Kelowna’s growing homelessness problem has prompted a local businessman to have an escape clause written into the lease for his downtown store.
Andre Blanleil, owner of the Andre’s Electronics chain, said he insisted a 90-day cancellation clause be included in the two-year lease for his Bernard Avenue outlet because he’s concerned about the safety of his staff, customers and the security of his store.
Blanleil said he has seen a drop in business at the store in the last year as the homelessness problem downtown has grown.
On Wednesday, the former Kelowna city councillor called the clause unusual but said its inclusion reflected his concern about what is happening downtown.
Blanleil’s announcement came a day after the city relocated a growing number of homeless people, who were living in tents on from the sidewalk of Leon Avenue near the city’s Gospel Mission, to one of two city North End parks.
It also came a week after two other downtown businesses said they were moving out of the area because of increased crime, safety concerns and the growing number of “street people.”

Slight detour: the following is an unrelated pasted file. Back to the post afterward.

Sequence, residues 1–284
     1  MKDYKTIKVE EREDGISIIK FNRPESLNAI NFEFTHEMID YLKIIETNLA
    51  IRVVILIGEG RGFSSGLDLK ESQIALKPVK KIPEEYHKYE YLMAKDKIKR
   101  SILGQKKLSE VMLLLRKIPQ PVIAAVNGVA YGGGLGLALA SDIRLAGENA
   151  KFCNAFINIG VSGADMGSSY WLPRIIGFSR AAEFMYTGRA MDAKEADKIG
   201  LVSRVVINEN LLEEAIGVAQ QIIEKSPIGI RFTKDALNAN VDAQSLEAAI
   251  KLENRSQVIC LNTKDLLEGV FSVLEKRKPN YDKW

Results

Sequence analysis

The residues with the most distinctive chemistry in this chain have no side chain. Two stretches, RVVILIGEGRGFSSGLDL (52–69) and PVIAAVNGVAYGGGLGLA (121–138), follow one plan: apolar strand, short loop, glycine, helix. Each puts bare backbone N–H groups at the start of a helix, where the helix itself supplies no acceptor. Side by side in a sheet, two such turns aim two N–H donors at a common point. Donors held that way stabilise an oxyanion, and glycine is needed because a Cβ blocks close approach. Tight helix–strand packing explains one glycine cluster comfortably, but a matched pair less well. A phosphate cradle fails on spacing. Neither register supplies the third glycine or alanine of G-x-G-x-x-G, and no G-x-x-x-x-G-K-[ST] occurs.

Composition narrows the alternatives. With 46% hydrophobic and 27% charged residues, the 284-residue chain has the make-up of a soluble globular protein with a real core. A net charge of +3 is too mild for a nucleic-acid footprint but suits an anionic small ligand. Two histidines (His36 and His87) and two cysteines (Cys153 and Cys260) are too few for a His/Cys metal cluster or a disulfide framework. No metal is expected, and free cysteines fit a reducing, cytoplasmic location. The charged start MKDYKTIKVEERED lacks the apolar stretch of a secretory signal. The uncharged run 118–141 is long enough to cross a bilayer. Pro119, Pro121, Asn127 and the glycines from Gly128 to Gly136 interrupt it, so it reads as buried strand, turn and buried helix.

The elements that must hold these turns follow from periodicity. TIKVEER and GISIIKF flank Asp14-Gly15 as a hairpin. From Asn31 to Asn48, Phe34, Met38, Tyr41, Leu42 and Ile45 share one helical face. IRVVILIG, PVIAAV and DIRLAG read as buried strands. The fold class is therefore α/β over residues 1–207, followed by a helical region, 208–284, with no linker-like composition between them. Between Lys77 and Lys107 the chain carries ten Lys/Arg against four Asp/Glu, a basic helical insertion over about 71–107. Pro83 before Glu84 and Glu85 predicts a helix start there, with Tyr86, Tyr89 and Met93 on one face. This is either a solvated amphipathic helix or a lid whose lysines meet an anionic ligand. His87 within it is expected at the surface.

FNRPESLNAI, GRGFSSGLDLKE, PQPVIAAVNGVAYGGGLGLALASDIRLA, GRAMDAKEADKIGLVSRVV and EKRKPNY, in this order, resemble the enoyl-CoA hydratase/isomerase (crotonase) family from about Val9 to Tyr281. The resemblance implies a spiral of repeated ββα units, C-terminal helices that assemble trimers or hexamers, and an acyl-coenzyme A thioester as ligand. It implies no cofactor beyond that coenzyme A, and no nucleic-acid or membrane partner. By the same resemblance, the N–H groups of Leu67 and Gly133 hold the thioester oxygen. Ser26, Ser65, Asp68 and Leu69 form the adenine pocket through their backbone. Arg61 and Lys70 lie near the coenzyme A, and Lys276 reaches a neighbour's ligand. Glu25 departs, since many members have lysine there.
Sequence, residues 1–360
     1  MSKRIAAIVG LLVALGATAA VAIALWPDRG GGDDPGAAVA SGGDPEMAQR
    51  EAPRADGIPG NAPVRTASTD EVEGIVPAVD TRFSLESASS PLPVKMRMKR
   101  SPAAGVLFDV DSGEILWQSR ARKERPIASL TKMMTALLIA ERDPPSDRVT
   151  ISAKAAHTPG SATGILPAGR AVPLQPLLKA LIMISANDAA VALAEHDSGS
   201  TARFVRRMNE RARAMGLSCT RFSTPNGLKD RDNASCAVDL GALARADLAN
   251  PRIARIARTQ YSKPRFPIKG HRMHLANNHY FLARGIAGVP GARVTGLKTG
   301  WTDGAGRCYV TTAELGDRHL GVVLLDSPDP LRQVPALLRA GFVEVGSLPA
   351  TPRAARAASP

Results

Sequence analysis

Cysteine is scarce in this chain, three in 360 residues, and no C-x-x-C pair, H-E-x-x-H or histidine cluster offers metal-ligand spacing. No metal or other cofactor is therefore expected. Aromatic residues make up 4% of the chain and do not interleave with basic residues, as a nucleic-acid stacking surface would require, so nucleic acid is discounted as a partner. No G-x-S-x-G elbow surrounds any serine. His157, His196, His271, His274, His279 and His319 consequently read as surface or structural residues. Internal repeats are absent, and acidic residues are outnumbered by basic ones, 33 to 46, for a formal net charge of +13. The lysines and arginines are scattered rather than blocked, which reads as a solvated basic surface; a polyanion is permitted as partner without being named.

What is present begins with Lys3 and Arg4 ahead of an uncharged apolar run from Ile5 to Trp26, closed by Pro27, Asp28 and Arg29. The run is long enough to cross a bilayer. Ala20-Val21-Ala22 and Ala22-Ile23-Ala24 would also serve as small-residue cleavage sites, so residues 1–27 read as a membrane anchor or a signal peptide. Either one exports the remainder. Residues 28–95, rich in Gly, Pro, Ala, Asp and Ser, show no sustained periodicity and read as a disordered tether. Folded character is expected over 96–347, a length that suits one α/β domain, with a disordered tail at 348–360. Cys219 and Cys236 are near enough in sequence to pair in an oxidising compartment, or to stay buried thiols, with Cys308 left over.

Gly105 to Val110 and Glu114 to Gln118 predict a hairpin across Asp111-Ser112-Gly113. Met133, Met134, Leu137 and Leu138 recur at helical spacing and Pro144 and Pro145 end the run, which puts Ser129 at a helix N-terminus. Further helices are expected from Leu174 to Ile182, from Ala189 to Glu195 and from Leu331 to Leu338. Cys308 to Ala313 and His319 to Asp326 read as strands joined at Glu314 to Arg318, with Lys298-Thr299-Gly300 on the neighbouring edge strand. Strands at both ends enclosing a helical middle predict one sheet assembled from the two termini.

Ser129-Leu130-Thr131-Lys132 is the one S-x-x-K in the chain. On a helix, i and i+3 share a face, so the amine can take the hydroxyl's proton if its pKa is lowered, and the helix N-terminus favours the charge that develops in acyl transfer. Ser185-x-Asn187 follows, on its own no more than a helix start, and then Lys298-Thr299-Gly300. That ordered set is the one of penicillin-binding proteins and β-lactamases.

The final straw for the city appears to have been a close call early Monday for the fire department, which quickly extinguished a small blaze at the tent city on Leon Avenue, a fire that could have grown quickly and spread to other tents and become a larger and tragic event.
The situation on Leon had become untenable for the city, area merchants, residents and, most of all, for the people living on the street.
But no one should look at the relocation as the solution to the issue of people living on the street in Kelowna. Moving the homeless out of sight should not mean putting the issue out of mind.
It was an emergency move, a bid to help keep people safe — or at least safer than they would have been if they had stayed on Leon.
Moving tents off one highly visible downtown street and placing them in less visible park in the industrial North End is a band-aid solution at best.
As Blanleil correctly stated, the situation in Kelowna needs more than just city action. The province needs to get involved and not just from a housing perspective — something it has successfully, albeit controversially, already done here.
The services needed to address not only the issues often associated with homelessness, such as addiction and mental health.
And that is not something the city can do on its own. It requires the power of the province and the federal government as these are health care issues.
It remains to be seen if other businesses will follow the two that say they are pulling out, or even Blanleil’s escape hatch lease clause.
But no matter what, the city made the right move in trying to address the issue with safety of those on the street in mind.
Alistair Waters is a regional editor with Black Press in Kelowna.